Phased deployment is a strategy that favors an incremental approach to rolling out Business Intelligence (BI) solutions, typically starting with a single department or application within a company. In contrast to enterprise-wide deployment, phased deployment allows early lessons learned to shape future roll-outs and ultimately bring greater visibility and performance management to business users on an enterprise level.
Here’s a proven 5-step strategy to follow when deploying and evolving with BI.
Start with a relatively small department or business unit, possibly one with a never ending backlog of report requests. For most of our own customers, that’s the Sales area, which generally has numerous requirements for flash reporting, comparative analysis and sales trending information.
After achieving success there, methodically expand your roll-outs to include more business units and integration with more information systems. Also keep in mind that performance variables and factors related to a department’s objectives seldom reside entirely within that department alone. Instead, processes flow across line-of-business areas and data often resides in redundant operational silos. As a result, a corporate data warehouse should be considered as part of the BI deployment and evolution strategy so that all of your company’s performance reporting can be driven from a single, non-redundant information repository.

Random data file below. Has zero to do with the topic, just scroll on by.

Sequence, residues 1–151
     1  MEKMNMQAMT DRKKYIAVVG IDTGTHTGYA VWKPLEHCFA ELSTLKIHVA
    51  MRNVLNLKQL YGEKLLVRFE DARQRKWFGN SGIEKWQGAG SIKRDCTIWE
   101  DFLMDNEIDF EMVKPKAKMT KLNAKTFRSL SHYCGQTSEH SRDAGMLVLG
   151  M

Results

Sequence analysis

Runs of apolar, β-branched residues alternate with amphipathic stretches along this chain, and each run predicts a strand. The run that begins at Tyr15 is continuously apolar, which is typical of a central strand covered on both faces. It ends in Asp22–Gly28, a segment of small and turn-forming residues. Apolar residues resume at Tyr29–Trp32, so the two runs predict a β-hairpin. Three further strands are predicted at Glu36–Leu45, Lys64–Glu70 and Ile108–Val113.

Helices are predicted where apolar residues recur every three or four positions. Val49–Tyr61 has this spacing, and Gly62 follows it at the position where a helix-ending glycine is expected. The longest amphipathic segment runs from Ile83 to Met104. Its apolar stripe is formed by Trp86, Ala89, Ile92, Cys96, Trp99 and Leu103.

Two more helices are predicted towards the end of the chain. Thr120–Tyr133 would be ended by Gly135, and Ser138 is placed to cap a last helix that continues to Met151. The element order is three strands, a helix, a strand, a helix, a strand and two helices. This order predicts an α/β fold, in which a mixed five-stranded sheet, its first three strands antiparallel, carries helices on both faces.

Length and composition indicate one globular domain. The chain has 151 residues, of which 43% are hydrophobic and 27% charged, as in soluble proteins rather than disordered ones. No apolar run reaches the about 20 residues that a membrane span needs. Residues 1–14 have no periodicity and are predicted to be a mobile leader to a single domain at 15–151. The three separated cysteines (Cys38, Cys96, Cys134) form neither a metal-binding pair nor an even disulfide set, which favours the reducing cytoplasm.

With a goal to start small and advance in phases, the reporting project should commence with the end in mind – and decision makers must understand the enterprise-wide impact of their decisions from the start.
Once the reporting structure is in place (even if it’s only for a single department or business unit to begin with), leverage the performance management features of your business intelligence software to take your BI evolution to the next level. This includes the rollout of:
- Scorecards that provide a snapshot to users of how well you’re performing against established targets or goals and what’s driving the score. These active scorecards are good combinations of high-level information with simple access to the detail that was used to derive the information. For most of Silvon’s customers, these types of scorecards present key performance metrics tied to sales, service levels and suppliers.
- Easily accessible, web-based dashboards that provide a highly visual way for users to look at multiple views of information. Dashboards are powerful and graphic. And they’re ideal for presenting business performance data very easily to many users simply by making a web link available to them.
- Exclusion reporting capabilities to help users filter out or segment their business data in order to drive new opportunities and better decisions. For example, giving them the ability to see a list of only those customers who have not submitted orders in 3 or more months.
- Performance reports that highlight actual results to budget, plan or forecast. This is a wonderful way to keep on ongoing pulse on the progress you’re making toward your goals.